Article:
Articles Posted in U.S. 8th Circuit Court of Appeals

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Plaintiffs, five retail grocers, each attempting to bring class-action antitrust claims against one of two wholesale grocers, appealed the district court's grant of defendants' motion to dismiss plaintiffs claims from the putative class action. The court held that the non-signatory defendants could not use equitable estoppel to compel arbitration of plaintiffs' claims. Since the district court found the equitable estoppel issue dispositive, it did not address the successor-in-interest argument and therefore, the court remanded for the district court to consider this argument in the first instance. The court concluded that the remaining public policy arguments were moot or the court declined to issue an advisory opinion. View "King Cole Foods, Inc., et al v. SuperValu, Inc., et al" on Justia Law

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Bristol Care appealed the denial of its motion to compel arbitration in a suit initiated by its former employee asserting claims under the Fair Labor Standards Act (FLSA), 29 U.S.C. 201 et seq., and seeking class action certification. Given the absence of any contrary congressional command from the FLSA that a right to engage in class actions overrides the mandate of the Federal Arbitration Act, 9 U.S.C. 3-4, in favor of arbitration, the court held that arbitration agreements containing class waivers were enforceable in claims brought under the FLSA. Because the court concluded that the Mandatory Arbitration Agreement (MAA) signed by the employee and Bristol Care was enforceable, the court reversed the district court's decision and directed the district court to enter an order granting Bristol Care's motion to stay proceedings and compel arbitration. View "Owen v. Bristol Care, Inc." on Justia Law

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Plaintiffs, thirty-five children living near a smelting facility in Peru, alleged that environmental contamination injured them. Plaintiffs claimed that contamination was caused by the owners and operators of the facility. Defendants' associate, Renco, is currently arbitrating related claims with Peru. Defendants moved to stay the proceedings pending the outcome of the arbitration. The court held that the issues in the arbitration could conceivably affect the outcome of this case and the case was properly removed under 9 U.S.C. 205 and that the court did not have pendant appellate jurisdiction over defendants' discretionary-stay claim. The court also held that the issues in this case relate to the arbitration but were not referable to arbitration. Accordingly, the district court properly denied a mandatory stay under 9 U.S.C. 3. View "Sr. Kate Reid, et al v. Doe Run Resources Corp., et al" on Justia Law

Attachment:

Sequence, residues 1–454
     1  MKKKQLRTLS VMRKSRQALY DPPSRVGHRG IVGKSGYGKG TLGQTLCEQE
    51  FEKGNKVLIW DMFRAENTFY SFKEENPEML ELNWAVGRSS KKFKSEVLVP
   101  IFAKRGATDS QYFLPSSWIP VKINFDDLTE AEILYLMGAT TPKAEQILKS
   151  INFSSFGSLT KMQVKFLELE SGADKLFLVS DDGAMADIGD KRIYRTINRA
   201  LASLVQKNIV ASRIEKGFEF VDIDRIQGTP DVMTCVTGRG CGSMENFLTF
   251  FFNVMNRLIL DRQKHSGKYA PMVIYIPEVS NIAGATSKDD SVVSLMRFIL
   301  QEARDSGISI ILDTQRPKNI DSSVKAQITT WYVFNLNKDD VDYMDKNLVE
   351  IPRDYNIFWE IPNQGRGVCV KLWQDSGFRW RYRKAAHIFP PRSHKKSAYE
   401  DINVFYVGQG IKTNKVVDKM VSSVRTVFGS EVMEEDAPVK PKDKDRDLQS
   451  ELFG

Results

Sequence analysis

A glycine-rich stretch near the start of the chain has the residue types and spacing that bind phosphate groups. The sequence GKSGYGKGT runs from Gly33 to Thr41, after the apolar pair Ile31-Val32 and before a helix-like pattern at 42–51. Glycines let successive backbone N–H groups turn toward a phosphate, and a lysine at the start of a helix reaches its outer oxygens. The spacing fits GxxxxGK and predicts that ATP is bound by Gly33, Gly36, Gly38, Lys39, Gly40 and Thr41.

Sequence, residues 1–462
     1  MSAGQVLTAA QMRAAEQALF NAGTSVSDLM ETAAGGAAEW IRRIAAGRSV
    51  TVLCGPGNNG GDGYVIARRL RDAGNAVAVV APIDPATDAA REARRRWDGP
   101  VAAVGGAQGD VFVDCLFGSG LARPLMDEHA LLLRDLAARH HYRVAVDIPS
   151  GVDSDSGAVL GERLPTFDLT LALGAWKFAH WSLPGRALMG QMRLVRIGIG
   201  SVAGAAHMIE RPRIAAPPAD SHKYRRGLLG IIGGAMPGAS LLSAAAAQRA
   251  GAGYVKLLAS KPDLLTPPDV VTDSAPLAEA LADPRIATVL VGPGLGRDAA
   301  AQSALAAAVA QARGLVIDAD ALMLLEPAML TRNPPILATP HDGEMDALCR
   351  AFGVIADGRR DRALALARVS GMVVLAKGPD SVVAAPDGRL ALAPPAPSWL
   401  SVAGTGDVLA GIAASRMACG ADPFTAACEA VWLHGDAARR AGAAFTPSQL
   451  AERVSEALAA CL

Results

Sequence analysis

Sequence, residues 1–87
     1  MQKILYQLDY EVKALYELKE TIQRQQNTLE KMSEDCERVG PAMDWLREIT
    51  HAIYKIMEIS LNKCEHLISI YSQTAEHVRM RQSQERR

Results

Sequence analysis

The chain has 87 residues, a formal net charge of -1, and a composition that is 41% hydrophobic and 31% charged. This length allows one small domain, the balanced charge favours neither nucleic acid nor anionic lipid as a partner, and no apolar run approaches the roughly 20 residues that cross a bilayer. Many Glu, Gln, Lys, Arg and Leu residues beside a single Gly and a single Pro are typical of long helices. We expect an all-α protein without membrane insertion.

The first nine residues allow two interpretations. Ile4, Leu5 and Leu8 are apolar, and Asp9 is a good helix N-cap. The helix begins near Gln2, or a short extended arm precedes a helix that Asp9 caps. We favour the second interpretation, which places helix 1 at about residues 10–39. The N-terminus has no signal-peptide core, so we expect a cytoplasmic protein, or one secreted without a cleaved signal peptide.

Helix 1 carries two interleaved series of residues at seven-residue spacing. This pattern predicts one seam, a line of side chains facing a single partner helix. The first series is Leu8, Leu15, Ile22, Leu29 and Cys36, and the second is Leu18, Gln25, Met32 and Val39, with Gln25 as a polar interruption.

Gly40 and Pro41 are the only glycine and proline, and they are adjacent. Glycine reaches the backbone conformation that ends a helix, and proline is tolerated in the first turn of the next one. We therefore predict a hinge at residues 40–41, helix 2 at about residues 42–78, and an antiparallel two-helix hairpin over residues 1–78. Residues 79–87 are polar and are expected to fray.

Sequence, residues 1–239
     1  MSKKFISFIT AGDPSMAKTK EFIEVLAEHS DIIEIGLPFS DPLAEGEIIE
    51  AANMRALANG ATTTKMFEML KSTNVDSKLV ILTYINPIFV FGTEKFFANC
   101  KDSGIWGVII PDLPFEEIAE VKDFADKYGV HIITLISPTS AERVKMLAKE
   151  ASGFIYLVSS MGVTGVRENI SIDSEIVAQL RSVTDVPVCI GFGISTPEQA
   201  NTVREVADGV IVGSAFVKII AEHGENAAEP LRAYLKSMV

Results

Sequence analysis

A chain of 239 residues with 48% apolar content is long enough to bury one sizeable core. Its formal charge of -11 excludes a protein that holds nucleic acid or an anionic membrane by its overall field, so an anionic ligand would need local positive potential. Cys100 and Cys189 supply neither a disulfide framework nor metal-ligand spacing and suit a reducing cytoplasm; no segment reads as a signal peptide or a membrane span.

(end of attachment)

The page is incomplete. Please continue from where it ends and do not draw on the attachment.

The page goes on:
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West commenced this diversity action to recover expenses incurred in defending Miller in a garnishment action, asserting tort claims under Missouri law against RLI for vexatious refusal to pay, bad faith refusal to pay, and prima facie tort, and claims of negligence and negligent misrepresentations against RLI's independent claims agent, ASCK. West also sought a declaration that it owed no duty to protect RLI in the underlying arbitration. RLI counter claimed, alleging that, prior to the arbitration, West negligently and in bad faith refused to settle the underlying claims for less than its policy limits. West's response added claims for indemnification and contribution against ASCK. The court reversed the grant of summary judgment dismissing RLI's refusal-to-settle counterclaim and remanded for further proceedings. The court declined to review the district court's grant of summary judgment dismissing West's affirmative defenses to the counterclaim. In all other respects, the court affirmed the district court's orders and judgment. View "West American Ins. Co. v. RLI Ins. Co., et al" on Justia Law

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The Union attempted to commence arbitration of a terminated employee's grievance. Before arbitration proceedings commenced, the employee died, and the employer refused to proceed with arbitration. The Union brought this suit to compel arbitration. The district court found that the employer did not agree to arbitrate claims of a deceased employee and dismissed the case. The court reversed and held that the parties agreed to mandatory arbitration of the employee's claim and no legal principal deprived the Union of power to enforce that agreement. View "Sheet Metal Workers, etc. v. Silgan Containers, etc." on Justia Law